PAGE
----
Friday, October 30, 2009


After my post yesterday, my next task was to do the same in .Net. Boy was I rewarded when I used Google to search for "OpenSSL Net". I was presented with "OpenSSL-NET", a managed wrapper for OpenSSL! Interestingly enough, this wasn't the first time I have looked for such a project. In the past, the most I found was people looking for the same. What a reward, I don't have to implement a C# wrapper for OpenSSL :). Now on to the good stuff, I took the work I did yesterday and converted into a C# object oriented sample. To reproduce my efforts, I have packaged all my work here. For simplicity, I've included an OpenSSL-NET dll. One caveat, the current distribution of OpenSSL.NET won't work with the binary, I had to make a few tweaks, such as making the Ssl, SslContext, and some Enums linkable (i.e. internal to public) and then I added a couple of additional Ssl functions to the library. I've sent a patch to the manager and hopefully the changes get imported into the official library.

What does that leave next? Figuring out how to distribute OpenSSL with our libraries for Windows support. Windows presents an interesting problem as it apparently lacks an up-to-date OpenSSL distribution. So with that in mind, I'll probably attempt to integrate our current security stack and have OpenSSL DTLS as an option instead. That way, users who just want a simple to install system don't have to worry about installing OpenSSL and configuring our application to properly link to it.

Also another booger about OpenSSL is that the library names differ between Windows and Linux and there are a TON of functions called by the library. As such, the author has a library for Linux and Windows. One option to resolve this is to use a Windows version and created symbolic links in the local directory from the Linux ssl libraries to Windows ssl names.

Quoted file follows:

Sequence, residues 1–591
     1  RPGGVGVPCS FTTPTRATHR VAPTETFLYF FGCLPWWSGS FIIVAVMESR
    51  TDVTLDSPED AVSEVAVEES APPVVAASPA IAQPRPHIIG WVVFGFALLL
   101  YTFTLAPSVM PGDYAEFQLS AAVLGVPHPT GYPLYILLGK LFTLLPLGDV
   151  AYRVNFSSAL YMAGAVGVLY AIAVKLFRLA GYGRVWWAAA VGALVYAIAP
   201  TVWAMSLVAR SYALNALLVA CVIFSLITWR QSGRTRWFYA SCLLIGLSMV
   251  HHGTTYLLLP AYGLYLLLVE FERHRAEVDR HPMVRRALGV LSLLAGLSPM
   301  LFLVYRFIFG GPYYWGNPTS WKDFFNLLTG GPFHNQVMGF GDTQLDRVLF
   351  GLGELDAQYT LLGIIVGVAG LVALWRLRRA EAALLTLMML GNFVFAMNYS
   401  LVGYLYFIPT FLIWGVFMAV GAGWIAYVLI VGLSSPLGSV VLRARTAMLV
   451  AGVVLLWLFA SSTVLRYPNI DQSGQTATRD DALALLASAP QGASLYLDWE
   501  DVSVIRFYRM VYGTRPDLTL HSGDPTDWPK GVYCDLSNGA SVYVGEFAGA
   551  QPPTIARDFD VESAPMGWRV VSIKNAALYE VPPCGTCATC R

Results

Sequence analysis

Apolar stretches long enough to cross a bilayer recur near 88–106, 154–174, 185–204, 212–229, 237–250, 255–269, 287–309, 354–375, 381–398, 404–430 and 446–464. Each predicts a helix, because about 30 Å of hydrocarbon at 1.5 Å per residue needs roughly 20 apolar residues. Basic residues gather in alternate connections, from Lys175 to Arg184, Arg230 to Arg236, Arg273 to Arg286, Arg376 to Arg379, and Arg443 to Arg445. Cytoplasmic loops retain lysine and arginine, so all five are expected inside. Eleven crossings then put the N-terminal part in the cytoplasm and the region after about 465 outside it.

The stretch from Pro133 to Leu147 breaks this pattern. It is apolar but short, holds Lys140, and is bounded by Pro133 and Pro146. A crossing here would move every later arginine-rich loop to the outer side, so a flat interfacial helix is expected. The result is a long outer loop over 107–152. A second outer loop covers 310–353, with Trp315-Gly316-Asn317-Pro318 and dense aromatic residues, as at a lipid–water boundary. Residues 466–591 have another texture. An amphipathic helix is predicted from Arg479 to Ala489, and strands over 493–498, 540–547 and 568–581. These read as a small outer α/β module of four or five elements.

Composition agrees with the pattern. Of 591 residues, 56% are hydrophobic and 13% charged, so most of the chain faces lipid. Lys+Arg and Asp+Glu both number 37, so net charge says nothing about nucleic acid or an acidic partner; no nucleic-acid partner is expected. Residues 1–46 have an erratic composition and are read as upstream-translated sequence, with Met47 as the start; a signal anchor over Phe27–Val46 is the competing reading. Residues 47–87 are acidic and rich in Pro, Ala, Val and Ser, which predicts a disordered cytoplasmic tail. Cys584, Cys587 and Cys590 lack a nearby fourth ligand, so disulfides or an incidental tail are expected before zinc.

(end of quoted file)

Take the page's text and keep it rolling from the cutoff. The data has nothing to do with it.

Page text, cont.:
I'm really looking forward to removing dependency of our system from our own security stack. It means that we don't have to worry (as much) about something so critical. I don't regret writing the original security stack, because I learned SO much and much of the framework or at least the ideas will be kept from the transition of the old stack to the new. Also I suspect the transition from managed security code to unmanaged will create a much faster system.

To assist in keeping track of my changes to the OpenSSL.NET code, I've put up a git repository at github.


  1. Hi David
    I am looking for a sample code for using OpenSSL.Net to encrypt data using a public key that was generated using MS RSACryptoServiceProvider. Can this be done? Can you refer me to somewhere that will help me solve this issue?

  2. Wow, so sorry I never saw this. I think you need to look at converting the key into DER / PEM format and then importing it into an type, but it has been far too long since I've worked on this.

  3. Hi David,

    I wanted to open your example, but unfortunately the URL is not available any more. Please could you update the link? I was looking for an example usage of DTLS in OpenSSL Net but did not find it anywhere. It would help me a lot.

  4. I know this is a long shot since it seems this blog has been abandoned, but would you mind updating the link for your example? I am trying to use openssl-net and have found it very difficult given the little documentation and very few examples I could find. It would be a HUGE help to see how you worked it out.

    Thank you!

  5. Best things on the Internet tend to disappear. I no longer have access to the files, but here's where I implemented it into a larger framework:

  6. I learned so much, and much of the framework, or at least the ideas, will be kept from the transition of the old stack to the new article. I appreciate that your writing technique is impressive. I encourage you to publish more information about this article. Now it's time to get Roofing Services in Paramus NJ for more information.